Sunday, Jun 17, 2018
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Agency to review TPS' treatment of minorities

A federal agency charged with enforcing civil rights law in public education plans to conduct a special review of Toledo Public Schools and how it treats minority students.

The federal agency would not comment Friday, and it's unclear what, if anything, has prompted the civil rights audit.

TPS officials say they received a “generic” letter from the Office for Civil Rights in Cleveland and assumed TPS was simply a random selection.

But a group of Toledo parents who also received word of the review say a civil rights complaint they filed last year alleging discrimination against black students sparked the review.

Superintendent Jerome Pecko said he gave the letter to the district's lawyer.

TPS said there doesn't appear to be any sign that any sort of review is under way.

Two local groups have called a press conference and community meeting for 10 a.m. Monday to talk about the review and allegations they filed with the agency last year.

They say students at largely black Scott High School and the schools that feed into it are denied the same educational opportunities as students at other schools with fewer black students. They say teachers should be replaced and that there are fewer college prep and advanced placement-level courses.

Scott High and its feeder schools are among the district's worst performers on end-of-grade tests.

“There are few college prep courses at Scott where at other schools, there are myriad courses,” said Twila Page, a member of the Toledo-based African-American Parents' Association.

TPS denies the charges and says the high school has upper-level language and math courses and that guidance counselors push students to achieve and choose either a college or career path.

Jim Gault, interim chief academic officer, said courses are selected for each school based on student demand.

“If we had a large demand for AP calculus at Scott, [we would offer it]. A child [currently] can take Spanish all four years,” he said. “There are higher-level classes.”

He said that the guidance counselors don't wait for students to decide they want to take upper-level classes. “They are constantly trying to get kids involved.”

The high school operates under the small school system, offering the Allied Health Academy and the Scott Business Technology Industry Academy tracks.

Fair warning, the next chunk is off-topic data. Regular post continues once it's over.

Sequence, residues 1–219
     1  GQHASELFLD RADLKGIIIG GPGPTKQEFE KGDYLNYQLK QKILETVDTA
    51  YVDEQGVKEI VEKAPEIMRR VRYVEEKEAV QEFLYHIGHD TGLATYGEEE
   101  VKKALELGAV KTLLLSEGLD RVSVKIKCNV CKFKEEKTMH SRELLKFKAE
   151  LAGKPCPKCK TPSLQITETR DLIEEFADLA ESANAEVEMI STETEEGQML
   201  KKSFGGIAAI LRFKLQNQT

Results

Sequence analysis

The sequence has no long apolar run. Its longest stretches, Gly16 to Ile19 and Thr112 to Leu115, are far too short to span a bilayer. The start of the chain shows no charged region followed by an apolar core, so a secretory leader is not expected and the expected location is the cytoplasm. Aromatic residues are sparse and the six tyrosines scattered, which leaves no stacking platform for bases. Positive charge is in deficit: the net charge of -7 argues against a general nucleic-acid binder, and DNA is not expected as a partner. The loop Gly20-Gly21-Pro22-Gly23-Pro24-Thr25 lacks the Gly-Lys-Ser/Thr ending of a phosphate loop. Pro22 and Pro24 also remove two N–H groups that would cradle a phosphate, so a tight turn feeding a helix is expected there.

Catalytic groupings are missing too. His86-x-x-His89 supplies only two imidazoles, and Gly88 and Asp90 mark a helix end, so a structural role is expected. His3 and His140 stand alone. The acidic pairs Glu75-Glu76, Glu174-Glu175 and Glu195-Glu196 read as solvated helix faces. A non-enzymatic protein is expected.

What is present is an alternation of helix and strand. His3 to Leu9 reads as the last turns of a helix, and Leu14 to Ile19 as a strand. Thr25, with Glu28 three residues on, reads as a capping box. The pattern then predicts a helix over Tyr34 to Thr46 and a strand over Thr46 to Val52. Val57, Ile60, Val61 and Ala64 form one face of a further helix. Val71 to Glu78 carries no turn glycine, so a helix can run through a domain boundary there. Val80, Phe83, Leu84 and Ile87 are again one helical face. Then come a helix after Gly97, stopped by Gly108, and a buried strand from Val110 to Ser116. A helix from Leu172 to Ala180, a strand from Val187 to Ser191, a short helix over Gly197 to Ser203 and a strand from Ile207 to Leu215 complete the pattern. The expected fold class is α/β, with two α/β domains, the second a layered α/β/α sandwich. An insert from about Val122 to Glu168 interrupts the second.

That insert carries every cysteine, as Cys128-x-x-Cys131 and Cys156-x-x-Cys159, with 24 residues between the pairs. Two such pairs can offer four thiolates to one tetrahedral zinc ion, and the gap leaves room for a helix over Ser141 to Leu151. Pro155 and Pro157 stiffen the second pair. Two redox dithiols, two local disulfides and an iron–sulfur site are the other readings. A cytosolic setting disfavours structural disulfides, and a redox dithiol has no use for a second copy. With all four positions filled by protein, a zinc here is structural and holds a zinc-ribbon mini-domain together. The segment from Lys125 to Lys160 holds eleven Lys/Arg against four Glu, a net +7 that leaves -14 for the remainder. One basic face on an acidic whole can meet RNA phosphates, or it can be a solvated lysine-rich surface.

Students choose one or the other and also take regular high school classes along with specialized courses.

Mr. Pecko said he and others are reviewing whether Scott, when it opens its new building next year, should once again become a traditional, comprehensive high school. He said that research and possible changes for Scott have nothing to do with any civil rights complaints filed with the federal government.

Mr. Pecko said he gave the Office of Civil Rights letter to the district's lawyer and said he had not heard about the previous complaint from parents about Scott High.

“That's what happens when the whole leadership of the district walks out; this one is new to us,” he said.

In just the past few months, TPS has hired a superintendent, business manager, and an interim chief academic officer. It also lost and has not replaced the superintendent's chief of staff.

Mr. Pecko emphasized that the letter does not allege any violations. It says: “… at this time OCR has reached no conclusions as to whether a violation of any federal law exists.”

Ben Williams, former Scott High basketball coach and an official with the Concerned Citizen Group in Support of African American Students, said Scott's poor academic performance merited the complaint.

“We feel our school has fallen to the lowest level,” he said. “We are asking for all the staff to be pink-slipped and then rehired” on a case-by-case basis. He said that the discrimination has crept in slowly. “You've got to eradicate what you're doing. It's shameful.”

The group made these allegations and others in a complaint filed in May, 2009, with the Cleveland branch of the Office for Civil Rights, which is part of the U.S. Department of Education.

Several parents met with investigators in June, 2009, and laid out their issues and complaints.

In an October, 2009, letter, the Office of Civil Rights told parents it would investigate two, and possibly three, of the nine allegations the group made.

But the parents say it took nearly a year for the agency to respond. Late last month, the agency contacted TPS to say it would perform a “compliance review.”

The office is charged with enforcing five civil rights laws as they relate to any organization that receives federal education funding.

Contact Christopher D.Kirkpatrick at: or 419-724-6134.

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